Wednesday, August 7, 2019

The Case for the Confederacy


This essay was originally published in The Lasting South (Regnery, 1957).

Recently when Bertrand Russell was a speaking-guest of the Richmond Area University Center, its director, Colonel Herbert Fitzroy, drove the philosopher from Washington to Richmond over Route One. After some miles the usually voluble Russell grew silent, and nothing would draw him out.

Then, as if emerging from deep reflection, he said, “If all the greatest minds of our time—in arts and philosophy, pure science and the practical sciences—would collaborate to produce the most hideous method of transportation, that calculated to create the maximum in mental suffering, they would build this road.”

Memories of 1966 Saigon in 11 Film Photos

Have you ever wondered why a fascination about old images is encoded in our blood? Tattered family albums, tiny Polaroid shots, a roll of undeveloped film — these have great potential to surprise us with vivid reminders of how quickly things change and how transient the subjects of our past were.

These film photos were taken in 1966 by American serviceman Rich Krebs, who inadvertently preserved the collective memories of a generation of Saigon residents in his passing shots. Krebs’ photos are no technical marvels; one might say that his images could pass for those in the camera roll of today’s casual smartphone owners. Except, they are special merely for the fact that they might be the only visual record of buildings, people and landmarks that have ceased to exist otherwise — Chi Lang Park, Saigon’s evenly flat skyline, and even water towers.

Have a closer look below:

More @ Saigoneer

Hiding From Influencers in an Old-School Saigon Cafe


"Saigon in its golden age was a time to be remembered and passed down to younger generations. The vintage aesthetic trend in Vietnam has been around for a couple of years now and for me, it is a cause for celebration," owner Anh Tuyet said of the trend that has swept cafés and restaurants citywide. Thị's customers, meanwhile, are here for more than just the aesthetic.
"Thị" used to be a widely popular middle name for women of older generations, and for Tran Thi Anh Tuyet, the word encapsulates the beauty and virtue of Vietnamese women and became the inspiration for Thị Café.

More @ Saigoneer

Yes, We Need To ‘Do Something’ About Mass Shootings. But That ‘Something’ Starts In The Home, Not Washington.

 Father and son after baseball practice

The least shocking revelation about the El Paso mass shooting is that the culprit's parents divorced eight years ago. He is yet another mass shooter among that many who did not live full time with his dad — a trend that appears to be especially strong among school shooters. If you expand the "mass shooter" category to include drug and gang-related violence in the inner city, the fatherless connection becomes even clearer. In Baltimore, where violence is infamously rampant, fewer than 20 percent of all teens are being raised by married parents.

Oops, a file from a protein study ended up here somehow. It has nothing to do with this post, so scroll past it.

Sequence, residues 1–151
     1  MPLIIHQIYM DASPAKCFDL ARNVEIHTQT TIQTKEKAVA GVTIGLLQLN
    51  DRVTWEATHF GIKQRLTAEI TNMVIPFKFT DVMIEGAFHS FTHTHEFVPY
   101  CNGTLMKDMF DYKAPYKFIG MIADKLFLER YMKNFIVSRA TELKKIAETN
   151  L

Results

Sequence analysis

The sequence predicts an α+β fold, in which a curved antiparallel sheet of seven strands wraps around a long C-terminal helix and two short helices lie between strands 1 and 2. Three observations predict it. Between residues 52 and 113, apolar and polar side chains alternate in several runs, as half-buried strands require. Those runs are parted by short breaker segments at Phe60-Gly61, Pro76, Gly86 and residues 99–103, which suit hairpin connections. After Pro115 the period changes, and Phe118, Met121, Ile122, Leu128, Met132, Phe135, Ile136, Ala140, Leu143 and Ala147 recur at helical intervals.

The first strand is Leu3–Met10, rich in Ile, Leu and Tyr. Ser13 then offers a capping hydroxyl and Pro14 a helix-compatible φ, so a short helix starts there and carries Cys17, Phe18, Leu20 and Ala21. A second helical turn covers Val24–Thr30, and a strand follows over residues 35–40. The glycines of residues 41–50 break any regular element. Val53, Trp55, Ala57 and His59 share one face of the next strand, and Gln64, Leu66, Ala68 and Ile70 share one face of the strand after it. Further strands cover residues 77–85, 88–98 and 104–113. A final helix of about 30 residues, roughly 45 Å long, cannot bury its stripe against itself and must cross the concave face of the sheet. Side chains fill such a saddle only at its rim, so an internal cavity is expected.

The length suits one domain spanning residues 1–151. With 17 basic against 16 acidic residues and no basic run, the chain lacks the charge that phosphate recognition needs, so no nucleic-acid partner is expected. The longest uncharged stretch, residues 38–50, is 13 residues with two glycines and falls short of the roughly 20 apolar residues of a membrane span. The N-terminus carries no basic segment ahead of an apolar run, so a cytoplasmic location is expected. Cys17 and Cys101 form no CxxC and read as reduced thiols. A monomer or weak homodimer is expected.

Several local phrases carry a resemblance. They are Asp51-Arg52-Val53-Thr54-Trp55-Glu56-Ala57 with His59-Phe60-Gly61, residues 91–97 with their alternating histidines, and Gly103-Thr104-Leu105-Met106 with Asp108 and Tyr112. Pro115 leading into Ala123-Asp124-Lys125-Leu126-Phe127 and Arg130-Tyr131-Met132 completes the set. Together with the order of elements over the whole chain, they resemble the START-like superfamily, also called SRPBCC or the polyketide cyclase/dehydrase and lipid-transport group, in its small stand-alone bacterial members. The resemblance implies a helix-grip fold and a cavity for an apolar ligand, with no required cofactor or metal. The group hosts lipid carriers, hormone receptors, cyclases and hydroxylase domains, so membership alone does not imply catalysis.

Poster in Portland

Via Billy

Mass Shootings and Political Misuse of Them Have Unintended Consequences

Image result for Mass Shootings and Political Misuse of Them Have Unintended Consequences

The unintended consequences of mass shootings and the attempts to use these shootings for various agendas can be far worse than the shootings themselves and ultimately endanger far more people.  

I was listening to NPR this morning prior to President Trump’s 10 AM EST address on the shootings.  NPR set Trump up for blame.  Trump opposes illegal immigration and spoke of the 20,000 person caravan as “an invasion.”  And so forth.  And it wasn’t just NPR.  As USA reported, while joining in the blame trump orchestration, “Media outlets around the country, and around the world, decried his [Trump’s] role in inspiring a shooter who gunned down 20 people.” US Rep. Veronica Escobar (D,TX) said:  “All of this has happened because Hispanic people have been dehumanized. They have been dehumanized by the president, by his enablers, by other politicians.”

Cruz: Universities ‘Trying Really Hard To Raise A Generation Of Pansies’

Tucker Carlson: White supremacy is a 'hoax' and 'not a real problem'

Via Billy

Fox News host Tucker Carlson on Tuesday night called white supremacy a “hoax,” comparing it to the investigation of Russia's interference in the 2016 presidential election and saying it is being used to divide the country.

“This is a hoax, just like the Russian hoax,” Carlson said during a segment on his program. “It’s a conspiracy theory used to divide the country and keep a hold on power.”

More @ The Hill

VNCH Soldier Carrying the remains of his son after an attack on civilians by the VC

Via Dương Hồng Ánh Nguyệt
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